In 2009, there were almost 58,000 oil patch jobs in Alberta. Analysts say if oil prices continue to rise, there would be about 102,000 jobs that need to be filled by 2020. According to a report by the Petroleum Human Resources Council of Canada, Alberta may need nearly double the number of workers in its oil patch over the next decade. With a labour crunch looming, oil and gas companies are offering unique incentives to attract and retain employees.
Location, location, location
One barrier to recruitment is the geographic locations of the oil sands operations. Often workers are hesitant to relocate to these remote sites in northern Alberta. At Syncrude, one of the largest producers of crude oil from Canada’s oil sands, the HR department recognizes this hesitancy and offers housing support as incentives for workers relocating to northern Albertan city of Fort McMurray, where housing costs can be high because of the booming oil business.
Donelda Patterson, Syncrude’s manager of HR services explains that Syncrude has been offering the housing support program since June 2009. The program spans five years and provides up to $60,000 to employees to offset mortgage costs if they decide to purchase a home or $30,000 over five years to help offset rental costs.
“Location can be a problem,” admits Patterson, “but we do a good job of showing people that Fort McMurray has a lot to offer.”
Patterson also points to the support that Syncrude provides the community. For employees, the company offers a social club called Club 63 that both the company and employees contribute to. The club offers subsidized rates to concerts and the theatre. Syncrude also hosts family fun days for employees to get together and enjoy a day with their families.
On top of this, Syncrude offers a community investment program which helps fund a recreation and leisure centre and arts and culture activities in the community that are open to all community members. To keep employees with the company, Patterson says Syncrude started offering retention bonuses in 2006. For employees based in Fort McMurray, the bonus pays 20% of their salary up to $20,000 per year, whichever is less.
All about retention
Attracting and retaining quality employees is also a top priority at Suncor, an integrated energy company. The company plans to bring on 1,200 new workers in 2011 alone—that’s about four new hires per day this year. Like Syncrude, Suncor also invests back into Fort McMurray, making it an attractive community for workers. “Suncor believes in being a good neighbour,” says Dany Laferriere, media relations, with Suncor. “That means we protect the safety of our employees, build strong and healthy communities, and work respectfully and constructively with our neighbours.”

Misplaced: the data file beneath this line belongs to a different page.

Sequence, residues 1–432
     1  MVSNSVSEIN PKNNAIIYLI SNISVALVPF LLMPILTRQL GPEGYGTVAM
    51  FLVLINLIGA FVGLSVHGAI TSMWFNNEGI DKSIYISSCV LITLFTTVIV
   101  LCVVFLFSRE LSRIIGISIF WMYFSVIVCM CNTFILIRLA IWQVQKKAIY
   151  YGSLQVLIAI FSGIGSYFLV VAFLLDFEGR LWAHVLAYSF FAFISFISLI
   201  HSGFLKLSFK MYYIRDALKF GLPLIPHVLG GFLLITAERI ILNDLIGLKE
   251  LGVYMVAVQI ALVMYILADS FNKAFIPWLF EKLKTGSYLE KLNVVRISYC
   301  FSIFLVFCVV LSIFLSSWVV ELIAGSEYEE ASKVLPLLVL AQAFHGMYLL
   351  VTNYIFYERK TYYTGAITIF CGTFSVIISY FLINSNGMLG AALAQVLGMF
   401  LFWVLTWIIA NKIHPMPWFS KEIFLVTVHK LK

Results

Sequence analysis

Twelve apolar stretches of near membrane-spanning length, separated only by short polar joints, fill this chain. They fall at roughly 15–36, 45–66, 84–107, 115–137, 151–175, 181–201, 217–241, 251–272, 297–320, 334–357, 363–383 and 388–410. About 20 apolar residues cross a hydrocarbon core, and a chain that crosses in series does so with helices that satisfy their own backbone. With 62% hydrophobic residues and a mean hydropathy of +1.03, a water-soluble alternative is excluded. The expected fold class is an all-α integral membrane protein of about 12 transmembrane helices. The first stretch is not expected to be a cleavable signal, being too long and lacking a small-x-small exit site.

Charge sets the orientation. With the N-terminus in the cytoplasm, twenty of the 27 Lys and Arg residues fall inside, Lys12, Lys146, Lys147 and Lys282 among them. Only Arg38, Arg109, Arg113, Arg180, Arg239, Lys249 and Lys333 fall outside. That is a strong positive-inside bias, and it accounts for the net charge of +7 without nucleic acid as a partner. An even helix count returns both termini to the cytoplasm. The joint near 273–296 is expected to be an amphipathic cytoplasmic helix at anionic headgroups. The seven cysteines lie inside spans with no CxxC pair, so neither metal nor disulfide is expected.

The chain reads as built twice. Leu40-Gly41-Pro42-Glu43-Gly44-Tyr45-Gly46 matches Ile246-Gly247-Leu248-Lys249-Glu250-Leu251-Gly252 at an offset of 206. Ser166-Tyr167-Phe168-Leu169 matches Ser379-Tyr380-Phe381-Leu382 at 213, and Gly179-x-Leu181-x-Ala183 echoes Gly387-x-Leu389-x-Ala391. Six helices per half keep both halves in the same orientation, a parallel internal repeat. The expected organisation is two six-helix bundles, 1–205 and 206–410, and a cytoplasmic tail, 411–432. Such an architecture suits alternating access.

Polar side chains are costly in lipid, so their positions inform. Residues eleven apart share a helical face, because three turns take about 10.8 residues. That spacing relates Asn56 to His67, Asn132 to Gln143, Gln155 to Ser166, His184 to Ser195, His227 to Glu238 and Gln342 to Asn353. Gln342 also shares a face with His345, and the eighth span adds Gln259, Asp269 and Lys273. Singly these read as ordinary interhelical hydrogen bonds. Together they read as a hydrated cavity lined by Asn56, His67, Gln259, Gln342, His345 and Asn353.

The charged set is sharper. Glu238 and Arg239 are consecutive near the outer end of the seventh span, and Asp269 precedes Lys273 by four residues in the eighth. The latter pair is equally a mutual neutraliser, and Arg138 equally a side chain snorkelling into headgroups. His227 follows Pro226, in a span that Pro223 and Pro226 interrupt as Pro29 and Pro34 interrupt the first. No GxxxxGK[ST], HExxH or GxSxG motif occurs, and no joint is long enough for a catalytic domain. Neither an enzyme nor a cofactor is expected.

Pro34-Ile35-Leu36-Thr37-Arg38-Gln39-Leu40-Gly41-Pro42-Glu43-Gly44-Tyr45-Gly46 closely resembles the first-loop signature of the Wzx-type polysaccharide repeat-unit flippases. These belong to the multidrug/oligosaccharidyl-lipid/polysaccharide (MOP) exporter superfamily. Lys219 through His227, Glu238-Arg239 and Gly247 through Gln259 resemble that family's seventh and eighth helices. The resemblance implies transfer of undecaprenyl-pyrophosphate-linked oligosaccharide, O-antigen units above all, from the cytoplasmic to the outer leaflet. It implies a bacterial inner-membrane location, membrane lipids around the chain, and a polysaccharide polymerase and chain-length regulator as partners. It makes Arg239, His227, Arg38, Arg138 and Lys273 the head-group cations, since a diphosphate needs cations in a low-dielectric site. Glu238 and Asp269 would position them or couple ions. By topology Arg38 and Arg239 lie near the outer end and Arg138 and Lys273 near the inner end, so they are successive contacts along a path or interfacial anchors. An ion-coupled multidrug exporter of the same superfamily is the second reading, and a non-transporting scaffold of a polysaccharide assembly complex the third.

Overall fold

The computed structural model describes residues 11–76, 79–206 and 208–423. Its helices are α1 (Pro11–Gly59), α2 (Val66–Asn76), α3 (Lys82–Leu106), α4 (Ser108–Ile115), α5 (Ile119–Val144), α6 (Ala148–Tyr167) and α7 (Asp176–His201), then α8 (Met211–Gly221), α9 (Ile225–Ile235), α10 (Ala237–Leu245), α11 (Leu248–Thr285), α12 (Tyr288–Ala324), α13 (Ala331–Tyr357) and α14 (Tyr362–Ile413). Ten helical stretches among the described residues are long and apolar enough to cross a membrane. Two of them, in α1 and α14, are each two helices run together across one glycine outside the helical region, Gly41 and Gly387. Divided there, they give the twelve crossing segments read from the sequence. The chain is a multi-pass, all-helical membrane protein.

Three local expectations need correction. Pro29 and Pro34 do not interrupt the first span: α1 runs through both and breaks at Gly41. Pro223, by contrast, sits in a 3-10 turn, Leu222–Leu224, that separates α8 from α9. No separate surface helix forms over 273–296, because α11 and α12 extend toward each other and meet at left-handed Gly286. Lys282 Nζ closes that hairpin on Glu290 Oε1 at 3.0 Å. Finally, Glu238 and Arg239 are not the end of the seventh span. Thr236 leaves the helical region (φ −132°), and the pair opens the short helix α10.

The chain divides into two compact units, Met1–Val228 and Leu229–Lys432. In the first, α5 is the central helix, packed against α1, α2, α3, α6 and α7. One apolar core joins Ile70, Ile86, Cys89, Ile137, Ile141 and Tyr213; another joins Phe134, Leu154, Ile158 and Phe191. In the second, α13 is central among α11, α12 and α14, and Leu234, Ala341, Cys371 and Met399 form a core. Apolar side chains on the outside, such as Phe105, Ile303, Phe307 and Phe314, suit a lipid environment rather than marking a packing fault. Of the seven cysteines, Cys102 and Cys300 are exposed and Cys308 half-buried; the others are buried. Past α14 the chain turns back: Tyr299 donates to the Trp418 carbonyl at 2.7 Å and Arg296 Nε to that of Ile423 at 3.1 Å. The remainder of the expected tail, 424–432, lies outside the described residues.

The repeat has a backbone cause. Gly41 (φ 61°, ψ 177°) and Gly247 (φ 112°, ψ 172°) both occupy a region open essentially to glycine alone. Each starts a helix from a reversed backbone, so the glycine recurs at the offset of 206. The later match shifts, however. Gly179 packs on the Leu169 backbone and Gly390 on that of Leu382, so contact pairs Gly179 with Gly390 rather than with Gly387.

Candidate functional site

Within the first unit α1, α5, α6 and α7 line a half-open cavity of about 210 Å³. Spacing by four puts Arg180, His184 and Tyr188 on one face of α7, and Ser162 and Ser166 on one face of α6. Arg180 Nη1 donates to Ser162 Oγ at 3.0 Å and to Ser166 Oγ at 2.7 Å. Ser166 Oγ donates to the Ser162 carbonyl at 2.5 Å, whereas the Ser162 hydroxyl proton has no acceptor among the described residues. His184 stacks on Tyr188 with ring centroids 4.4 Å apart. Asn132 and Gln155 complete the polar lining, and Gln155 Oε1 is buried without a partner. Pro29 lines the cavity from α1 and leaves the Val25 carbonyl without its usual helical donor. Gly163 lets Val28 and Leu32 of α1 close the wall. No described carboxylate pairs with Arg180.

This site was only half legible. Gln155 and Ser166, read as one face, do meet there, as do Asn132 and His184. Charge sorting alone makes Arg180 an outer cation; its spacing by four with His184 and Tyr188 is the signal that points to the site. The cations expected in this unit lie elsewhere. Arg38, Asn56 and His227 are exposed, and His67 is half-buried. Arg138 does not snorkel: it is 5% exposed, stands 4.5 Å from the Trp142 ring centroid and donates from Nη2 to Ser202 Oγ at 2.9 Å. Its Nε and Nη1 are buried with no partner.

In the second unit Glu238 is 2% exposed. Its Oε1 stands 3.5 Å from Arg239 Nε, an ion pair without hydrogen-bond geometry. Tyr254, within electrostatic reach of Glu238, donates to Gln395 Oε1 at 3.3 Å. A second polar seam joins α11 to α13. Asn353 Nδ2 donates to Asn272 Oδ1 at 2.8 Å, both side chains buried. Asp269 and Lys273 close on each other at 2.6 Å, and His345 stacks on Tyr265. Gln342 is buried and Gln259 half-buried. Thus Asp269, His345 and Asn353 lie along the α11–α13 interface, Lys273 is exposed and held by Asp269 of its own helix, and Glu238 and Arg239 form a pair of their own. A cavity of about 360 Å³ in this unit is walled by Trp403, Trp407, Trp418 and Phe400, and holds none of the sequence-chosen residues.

Suncor offers employees enjoy a competitive pension plan, as well. “From day one as a regular full-time or part-time employee, our employees become a member of the Suncor Energy Pension Plan. They start off with a personal retirement account (PRA) in the DC track, which is fully funded by Suncor,” he says.
On January 1 of following the year that an employee’s age plus service totals 50 years, the employee has the option to remain in the DC plan or switch to a DB pension plan, which also includes a DC component.
On top of the benefits and pension plan, Suncor employees get a 5% employee discount on fuel, convenience store items and car repairs purchased at Petro-Canada and Certigard retail locations in Canada. Another perk is the Suncor scholarship program, which provides funding for qualifying dependents attending university or college. These awards are granted annually for up to four years, according to Laferriere Students in a four-year university program can receive up to $1,800 per academic year through the scholarship plan, while students in a two-year community college program can get up to $900 per year.
At Cenovus, a Canadian oil company that employs more than 3,000 people, attracting good employees is a priority as the firm gears up to hire an additional 1,240 staff by the end of 2015.
“Ensuring we have the appropriate staff needed to expand our operations is an important part of our business planning,” says Rick Davidson, team lead recruitment at Cenovus Energy, a Canadian oil and gas company that has operations in Alberta and Saskatchewan. “The reality is that retiring baby boomers and demand for workers in the same talent pool will affect the entire industry, which is why Cenovus has developed a long-term workforce strategy to address these issues.”
“Once we get top people, we want to keep them,” says Davidson.
When Cenovus hires employees, it aims to retain them and recognizes the importance and value its employees put on training and personal development. “We have an extensive employee development program that allows employees to work with supervisors to create and implement annual development plans that build managerial, technical and business competences that support both their career goals and our business objectives,” he says.
“Cenovus offers competitive benefits and perks, such as the first and third Fridays of the month off and vacation based on life experience rather than simply the number of years at the company,” he adds.
What all of these companies have in common is that they are trying to attract the best employees. While they must recruit in large numbers, the quality of the employee remains a priority. This is why many of the perks offered are aimed at keeping employees in the company for the long haul.
“It’s not just a numbers game for us,” says Laferriere. “It’s about hiring quality people with the right attitude and values, one at a time.”
Liz Brown is a freelance writer is Brantford, Ont.